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M. Marengo Barolo Bricco delle Viole 2015

  • RP94
  • JS93
  • D91
750ML / 0% ABV
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Winemaker Notes

Ruby red with orange reflections. Very fine, ethereal, and rich on the nose, with notes of cherry and sweet spices. Elegant, full bodied, quite soft, fresh, balanced, sweet and well integrated tannins, persistent.

Great with grilled red meat or seasoned cheeses.

Critical Acclaim

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RP 94
Robert Parker's Wine Advocate
In cooler vintages, the Bricco delle Viole site produces wines with strong floral aromatics that range from blue wildflowers to rose hip. However, the warmer-vintage 2015 Barolo Bricco delle Viole is a very different wine that breaks away from its predecessors. The quality of the aromas is darker, more saturated, and it veers toward black and purple fruit more than those characteristic floral tones. This is a more impactful Barolo with broad shoulders, depth and firmly integrated tannins. It walks with a heavier gait compared to past vintages, but it covers the palate beautifully. About 6,000 bottles were produced.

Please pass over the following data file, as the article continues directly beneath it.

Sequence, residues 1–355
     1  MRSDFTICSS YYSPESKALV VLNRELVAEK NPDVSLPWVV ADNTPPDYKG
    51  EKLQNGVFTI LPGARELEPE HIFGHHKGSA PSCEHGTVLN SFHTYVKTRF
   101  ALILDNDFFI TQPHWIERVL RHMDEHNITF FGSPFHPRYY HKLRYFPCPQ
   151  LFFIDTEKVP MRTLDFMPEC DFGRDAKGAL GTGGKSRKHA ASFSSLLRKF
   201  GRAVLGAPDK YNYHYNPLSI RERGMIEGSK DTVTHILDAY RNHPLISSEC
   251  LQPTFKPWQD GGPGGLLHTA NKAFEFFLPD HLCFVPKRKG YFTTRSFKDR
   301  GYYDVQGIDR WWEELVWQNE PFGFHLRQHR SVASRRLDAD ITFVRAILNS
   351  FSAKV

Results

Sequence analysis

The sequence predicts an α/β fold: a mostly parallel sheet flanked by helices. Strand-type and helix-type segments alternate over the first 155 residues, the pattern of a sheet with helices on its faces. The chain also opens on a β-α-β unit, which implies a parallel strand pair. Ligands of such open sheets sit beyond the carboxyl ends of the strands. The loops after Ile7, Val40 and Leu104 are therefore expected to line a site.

JS 93
James Suckling
Aromas of smoke, meat and dark berries follow through to a full body with rich, velvety tannins and a flavorful finish. Try in 2023.
D 91
Decanter
Marco Marengo is based in La Morra, but he also produces this fine wine from the village of Barolo. Marengo is an unrepentant modernist, but the barrique-ageing rarely leaves an oaky imprint on his wines.The red fruits on the nose are reticent, while the palate is beautifully balanced, marrying concentration of fruit, fine tannins and lifted elegance. Long and stylish.
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M. Marengo

M. Marengo

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M. Marengo, Italy
Marengo is one of the smallest estates in La Morra, but Marco Marengo has no inferiority complex. Marengo is privileged to be among the many more famous names who own vineyards in the “Brunate” cru, an immaculately positioned parcel of land that is considered to be one of the grand crus of the Langhe. The estate makes tiny quantities of modern-style Barolo from old vines in their tiny cellar on La Morra’s main street; in great years, these particularly well-balanced, ample, intense, tannic wines hint at truffles; they are perfectly rich and complete Baroli. 1999 is the third release of the Barolo "Bricco Viole", from a tiny cru in the Barolo township named for the violets that bloom there in springtime; the 1998 was rated 92 pts by the Wine Spectator. Elio Altare once told Marco that Marengo's vineyards were the "finest he had ever seen!" The slopes around Brunate are also particularly noted for superb Dolcetto